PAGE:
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Cook, Alice Hanson / Workers' education in the U.S. Zone of Germany
(1947)

A description of workers' education today,   pp. 15-27 PDF (8.2 MB)


Page 18


wipork. She.4o-es ,,,ever icep  Jloscjy* in touch '-itathe people and is-
helping
thorn learrn r~how t'o collect faets: -hich can bb used ina arging their
case.
The union -i arsking if. bahalf  f these, paoplj that tha. ha4ve elected
camp
coiuncil rind that cnruunity  t ibchena bind 1aiundries beiorganized as a
meaas of
iiprjvin~ caeditio ie .Pr thIe .v~2-n thre, ;and also. as a  gsens of bringing
ithe peo-pl tJ6cthbr.onc operat3,ve .p    ts j f6r the comon good. In'jne'of
thes.¢ rati~t~t a' rniaall lX'Arary ;aas AValvbl.-.  ; -
8. CuIttural ijrk:  ttempts to nave" :musical groups, amateur dramatics,
Zovies^, etc.,, have all failed becaus-z no aatarials were available. There
is,
for:instarceo noa on, 1~r s.ngbok -ava:ilkble with noteis- -i int.- So- far
they
have not b'eea able' Zta ,et -iDld of the i ordf r ,a speaking ohoir or a
play.
-Iiovitj pr'j es t xs are not to. be had..
R,, tanslsrt (and surrounding tonw: .as ber e, l4assau, ig3,idan. Burglengenfeld,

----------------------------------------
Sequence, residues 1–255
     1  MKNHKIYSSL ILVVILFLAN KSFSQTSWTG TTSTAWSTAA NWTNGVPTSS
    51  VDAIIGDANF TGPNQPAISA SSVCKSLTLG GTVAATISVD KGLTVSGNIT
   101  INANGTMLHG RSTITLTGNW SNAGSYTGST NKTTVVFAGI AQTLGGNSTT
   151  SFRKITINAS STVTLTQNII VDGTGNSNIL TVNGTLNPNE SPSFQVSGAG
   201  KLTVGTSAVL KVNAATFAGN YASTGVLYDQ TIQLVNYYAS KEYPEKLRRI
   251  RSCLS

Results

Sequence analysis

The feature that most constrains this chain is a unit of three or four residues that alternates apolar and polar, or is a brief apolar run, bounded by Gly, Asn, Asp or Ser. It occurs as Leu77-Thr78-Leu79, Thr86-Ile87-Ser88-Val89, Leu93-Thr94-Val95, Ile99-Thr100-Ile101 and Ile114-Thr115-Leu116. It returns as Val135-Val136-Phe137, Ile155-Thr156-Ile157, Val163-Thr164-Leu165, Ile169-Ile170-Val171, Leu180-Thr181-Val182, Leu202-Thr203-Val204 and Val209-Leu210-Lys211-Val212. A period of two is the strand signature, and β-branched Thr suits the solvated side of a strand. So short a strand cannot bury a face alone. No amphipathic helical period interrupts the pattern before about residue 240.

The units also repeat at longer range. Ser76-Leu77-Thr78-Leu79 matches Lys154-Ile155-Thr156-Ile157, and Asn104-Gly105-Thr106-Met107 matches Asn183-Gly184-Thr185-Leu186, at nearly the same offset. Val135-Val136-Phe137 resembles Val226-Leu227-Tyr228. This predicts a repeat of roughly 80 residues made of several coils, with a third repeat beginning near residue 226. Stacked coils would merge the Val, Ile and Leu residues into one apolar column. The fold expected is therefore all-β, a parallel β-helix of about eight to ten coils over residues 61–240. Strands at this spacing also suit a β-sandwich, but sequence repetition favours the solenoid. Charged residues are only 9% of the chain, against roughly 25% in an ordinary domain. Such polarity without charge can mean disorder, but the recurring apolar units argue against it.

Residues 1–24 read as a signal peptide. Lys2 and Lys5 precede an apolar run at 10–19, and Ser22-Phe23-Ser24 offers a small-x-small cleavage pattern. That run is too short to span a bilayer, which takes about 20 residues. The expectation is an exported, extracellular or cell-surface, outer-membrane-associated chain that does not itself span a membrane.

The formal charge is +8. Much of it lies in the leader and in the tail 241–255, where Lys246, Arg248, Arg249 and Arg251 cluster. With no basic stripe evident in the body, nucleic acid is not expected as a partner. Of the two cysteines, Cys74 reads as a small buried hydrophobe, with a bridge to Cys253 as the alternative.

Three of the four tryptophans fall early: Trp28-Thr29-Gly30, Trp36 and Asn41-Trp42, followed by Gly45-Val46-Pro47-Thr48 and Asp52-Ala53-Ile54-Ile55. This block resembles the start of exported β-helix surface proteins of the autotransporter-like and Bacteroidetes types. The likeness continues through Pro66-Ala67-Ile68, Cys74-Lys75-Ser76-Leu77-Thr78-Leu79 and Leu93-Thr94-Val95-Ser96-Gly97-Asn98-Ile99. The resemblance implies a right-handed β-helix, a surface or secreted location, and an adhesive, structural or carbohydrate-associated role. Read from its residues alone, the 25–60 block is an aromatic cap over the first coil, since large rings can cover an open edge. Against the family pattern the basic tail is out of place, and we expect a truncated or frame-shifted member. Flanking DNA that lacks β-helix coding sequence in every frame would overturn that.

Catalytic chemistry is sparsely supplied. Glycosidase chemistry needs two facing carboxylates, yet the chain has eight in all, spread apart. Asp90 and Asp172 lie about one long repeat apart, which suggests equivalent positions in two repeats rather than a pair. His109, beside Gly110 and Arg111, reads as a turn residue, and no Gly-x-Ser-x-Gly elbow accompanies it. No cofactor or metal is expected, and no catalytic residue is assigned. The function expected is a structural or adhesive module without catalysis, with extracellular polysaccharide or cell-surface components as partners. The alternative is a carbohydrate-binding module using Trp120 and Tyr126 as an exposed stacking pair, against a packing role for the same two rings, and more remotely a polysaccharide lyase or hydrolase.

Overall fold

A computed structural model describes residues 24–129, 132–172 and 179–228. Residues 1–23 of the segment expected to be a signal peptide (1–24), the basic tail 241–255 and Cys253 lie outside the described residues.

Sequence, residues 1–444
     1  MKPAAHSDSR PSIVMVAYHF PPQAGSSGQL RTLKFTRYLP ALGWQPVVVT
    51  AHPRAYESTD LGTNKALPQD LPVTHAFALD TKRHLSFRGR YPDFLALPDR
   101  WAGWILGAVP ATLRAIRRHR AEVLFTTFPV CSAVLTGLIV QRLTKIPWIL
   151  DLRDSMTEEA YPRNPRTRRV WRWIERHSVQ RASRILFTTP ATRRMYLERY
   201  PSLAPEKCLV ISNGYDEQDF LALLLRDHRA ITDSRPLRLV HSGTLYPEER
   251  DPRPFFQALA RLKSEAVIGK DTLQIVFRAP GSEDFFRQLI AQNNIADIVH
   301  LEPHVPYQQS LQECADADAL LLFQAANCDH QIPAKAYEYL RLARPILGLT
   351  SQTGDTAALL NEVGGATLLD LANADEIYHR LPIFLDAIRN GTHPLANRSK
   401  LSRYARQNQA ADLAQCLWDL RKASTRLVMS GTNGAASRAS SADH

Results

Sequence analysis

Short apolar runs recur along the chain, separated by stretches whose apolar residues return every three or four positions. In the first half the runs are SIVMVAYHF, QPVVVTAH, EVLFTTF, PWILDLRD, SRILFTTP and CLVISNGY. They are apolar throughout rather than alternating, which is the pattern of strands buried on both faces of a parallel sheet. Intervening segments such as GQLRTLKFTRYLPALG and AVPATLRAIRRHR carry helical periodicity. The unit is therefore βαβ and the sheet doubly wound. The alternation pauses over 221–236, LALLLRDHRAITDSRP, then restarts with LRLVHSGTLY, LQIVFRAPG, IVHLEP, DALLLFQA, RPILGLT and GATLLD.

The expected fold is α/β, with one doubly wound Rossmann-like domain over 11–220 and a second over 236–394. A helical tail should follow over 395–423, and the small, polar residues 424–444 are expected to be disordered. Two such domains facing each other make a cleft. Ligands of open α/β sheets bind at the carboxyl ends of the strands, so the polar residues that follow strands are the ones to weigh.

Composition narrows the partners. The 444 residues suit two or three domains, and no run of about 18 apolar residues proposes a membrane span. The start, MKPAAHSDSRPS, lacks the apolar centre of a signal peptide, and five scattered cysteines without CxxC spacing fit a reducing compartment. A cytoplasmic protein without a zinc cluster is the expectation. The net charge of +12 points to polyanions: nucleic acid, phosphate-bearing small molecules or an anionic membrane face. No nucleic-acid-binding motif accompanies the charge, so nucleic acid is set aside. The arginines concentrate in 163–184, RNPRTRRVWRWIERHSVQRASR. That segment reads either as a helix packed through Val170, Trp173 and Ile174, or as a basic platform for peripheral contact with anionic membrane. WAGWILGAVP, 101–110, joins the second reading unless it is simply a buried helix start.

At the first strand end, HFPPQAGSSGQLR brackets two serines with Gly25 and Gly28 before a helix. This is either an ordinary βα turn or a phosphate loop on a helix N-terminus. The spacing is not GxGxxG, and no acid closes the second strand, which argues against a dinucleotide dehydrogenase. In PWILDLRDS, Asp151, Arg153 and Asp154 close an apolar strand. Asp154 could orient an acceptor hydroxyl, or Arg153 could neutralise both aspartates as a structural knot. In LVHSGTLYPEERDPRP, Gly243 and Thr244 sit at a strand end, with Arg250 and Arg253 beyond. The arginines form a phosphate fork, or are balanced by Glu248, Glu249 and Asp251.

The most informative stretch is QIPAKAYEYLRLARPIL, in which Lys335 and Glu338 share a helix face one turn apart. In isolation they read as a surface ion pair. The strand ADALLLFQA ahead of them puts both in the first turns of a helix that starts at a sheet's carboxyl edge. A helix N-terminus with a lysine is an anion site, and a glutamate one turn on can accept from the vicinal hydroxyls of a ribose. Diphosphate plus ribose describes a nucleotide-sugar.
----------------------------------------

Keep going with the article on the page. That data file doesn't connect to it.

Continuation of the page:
'',.. wnrkt, x-lattling, D3  -r2.dorf, Ceis1hoheri.nnKibensberg).-
Vocatipnnl traint,, tor vrltirnsas who have nct fi~nished their, apn -enft.ce-
shipD. rnd. f r fu rt  r traiain.,- -or retrainini-o o 3th.er3. vur u  adults,
Courses are -;ivon for ;achine tool makors, mechanics, eledtricians, carpenters
bricklayers and lathe operators. s ihole Vzlkshzchschule for office work
and
languages has been ostalishedin aRogeiisburg :ilth branchessinn      <-f
the othe
sit.es and towns, in which they teach :nglish, French, Spanish, and Russian
in
beginning arid advanced courses, bookkeeping 'for. be,%ginaers and advanced,
in-
dustry economics aad correspondoiice, business arithnetic, business Engli'h,
accounting, .general office 4ork, astlnography. For all these Courses they
give
a :certificate*- $ees area chirgud fot the caurses at the ratu of 5G -75
5.1f&PQr
lesson, toaohQrs are paid in rcular. fee zff &-6 per hour. Their-±'inbnciar
statetadnt shows that they took in in .1946 a total' of over RIZ 106,000
and had
a prfti-t of over RX. 28,000. This rP.port cYvers R;ageasburi' and its various,
.brancahes as listed, above..
:-  , The teeachers and :,irectors insistted that illustratiVe miaterial
particular
in 'the language -curses included'trade union. reading miatter artd that
trade
union problems. iiere frely discussed. The cour-ses have apparently served
the PI
pose of bringing a good many eople to the trade unions- who had had' no interes4
before or who were actually hoztile.
1. Youth ;-Lork: 3,ecratary Bexrnhazd..          -   ' . . ...
lhe nhief adcti;Z.lyr c:Znsists in. g'neral trado' union youth meetings,
cele 1rations, trips,' etc'. TDjo' tcao.,A peariods war&. held in December
for'
22 students each. The subjects dihcustei ;7cere history and function of the
tracl
uniont. labor and social legislation and oconoiciC quertions. Trade union
youth
participates, in' a cit'y-'swtide YoUt1I Piarlian.urut in- .ihich' the rnE.ZLI'S.
.handle their
own.affairs and conduct .thlir .edatlonnl':ork-Oh tleir odn, initiative.
,, .. ,' : ... i.{' D. - . . . .. . . . f ..  .  .*      .  ;
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